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In 2003, a report was published which reviewed the poisoning of newborns by the inadvertent use of intramuscular or oral methylergonovine (at adult doses) directly in infants. Thirty-four cases were reviewed in Belgium where methylergonovine was accidentally administered orally or intramuscularly directly to infants.1 The intramuscular injections produced severe complications as...
Breastfeeding appears to protect infants from infection. In a study by Dewey et al, infants who breastfed had a lower incidence of diarrhea, otitis media (ear infection), and upper respiratory infections in the first year of life. Continued breastfeeding into the second year of life did not decrease the number of illnesses but did shorten the duration of otitis media.
Extreme temperatures have the potential to alter the effectiveness of medications. Drugs should not be stored in areas where the temperature may exceed 86 degrees or drop below 58 degrees. Both prescription and over-the-counter medications are at risk for loss of potency and changes in chemical structure if not stored properly.
The importance of managing maternal postpartum pain is widely recognized. Yet how to provide treatment that is protective of the neonate while simultaneously providing adequate maternal therapy has not been determined.
Anaphylaxis is a severe, systemic allergic reaction that can be potentially life threatening. A massive release of histamine from the tissues causes a drop in blood pressure, narrowing of the airways, and urticaria. Insect stings, nut products, and latex can all cause anaphylaxis in susceptible people.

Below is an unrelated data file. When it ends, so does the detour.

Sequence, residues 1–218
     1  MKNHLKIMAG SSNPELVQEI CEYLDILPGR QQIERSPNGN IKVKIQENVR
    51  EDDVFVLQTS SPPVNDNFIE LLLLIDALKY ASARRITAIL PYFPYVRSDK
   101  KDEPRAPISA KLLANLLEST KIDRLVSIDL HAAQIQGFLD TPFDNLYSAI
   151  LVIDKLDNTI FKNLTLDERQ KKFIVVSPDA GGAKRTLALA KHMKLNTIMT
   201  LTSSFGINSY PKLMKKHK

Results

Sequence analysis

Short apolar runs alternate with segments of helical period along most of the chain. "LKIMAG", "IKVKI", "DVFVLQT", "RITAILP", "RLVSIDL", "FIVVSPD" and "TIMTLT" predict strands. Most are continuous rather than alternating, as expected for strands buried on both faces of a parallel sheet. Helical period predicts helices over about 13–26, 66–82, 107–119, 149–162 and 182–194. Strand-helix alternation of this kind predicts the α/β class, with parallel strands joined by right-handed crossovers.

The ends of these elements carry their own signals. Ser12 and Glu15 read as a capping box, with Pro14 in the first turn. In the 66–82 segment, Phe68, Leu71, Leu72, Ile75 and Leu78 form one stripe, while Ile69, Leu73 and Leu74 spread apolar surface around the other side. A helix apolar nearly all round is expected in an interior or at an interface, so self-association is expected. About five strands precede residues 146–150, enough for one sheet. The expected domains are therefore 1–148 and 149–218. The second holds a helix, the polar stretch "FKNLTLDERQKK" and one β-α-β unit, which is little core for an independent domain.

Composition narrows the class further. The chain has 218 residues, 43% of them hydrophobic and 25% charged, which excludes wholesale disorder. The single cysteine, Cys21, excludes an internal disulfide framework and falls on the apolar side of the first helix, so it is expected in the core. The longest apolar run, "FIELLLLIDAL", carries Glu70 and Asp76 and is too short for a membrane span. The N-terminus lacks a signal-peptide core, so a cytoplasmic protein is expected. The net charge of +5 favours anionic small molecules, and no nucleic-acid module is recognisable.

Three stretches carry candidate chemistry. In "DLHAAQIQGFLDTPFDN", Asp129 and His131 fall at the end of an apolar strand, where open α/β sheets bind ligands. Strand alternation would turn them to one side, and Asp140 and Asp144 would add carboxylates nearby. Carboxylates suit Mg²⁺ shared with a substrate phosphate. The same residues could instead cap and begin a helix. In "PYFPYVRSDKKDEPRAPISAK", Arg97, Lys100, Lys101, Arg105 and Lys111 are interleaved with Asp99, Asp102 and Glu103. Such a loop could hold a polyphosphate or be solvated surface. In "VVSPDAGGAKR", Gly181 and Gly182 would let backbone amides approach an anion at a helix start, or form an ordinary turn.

Most women who breastfeed exclusively stop having menstrual periods. This is known as lactational amenorrhea. During lactational amenorrhea, the potential for ovulation is reduced. Subsequently, the chances of conception during this period decrease to approximately 0.5-2%, moreover, there is still a risk of pregnancy. Many women fear that because they are breastfeeding...
About the InfantRisk Center Team
Thomas Hale, Ph.D., R.Ph., is a professor of pediatrics and associate dean of research at Texas Tech University Health Sciences Center and acting executive director of the InfantRisk Center.
Hale is considered one of the foremost expert in the field of perinatal pharmacology and the use of medications by pregnant and breastfeeding mothers.
The vision of the InfantRisk Center is to create a new body of drug information concerning the safety of medications and their use during pregnancy and lactation. Additionally, the center will expand, enhance and disseminate knowledge regarding the use of medications and other environmental chemicals by pregnant and breastfeeding women worldwide.
Dr. Baker graduated from the University of Texas Southwestern and completed her residency training at Parkland Health and Hospital System in Dallas, TX. She is Board Certified by the American Board of Obstetrics and Gynecology and is a Fellow of the American College of Obstetricians and Gynecologists.
Dr. Baker has a combined private and academic OB/GYN practice with the University Physicians at Texas Tech Health Sciences Center in Amarillo. She is interested in teen pregnancy, postpartum depression, and promoting preventive medicine for the women of the Texas Panhandle, as well as Resident and Student education and serves as the Residency Director.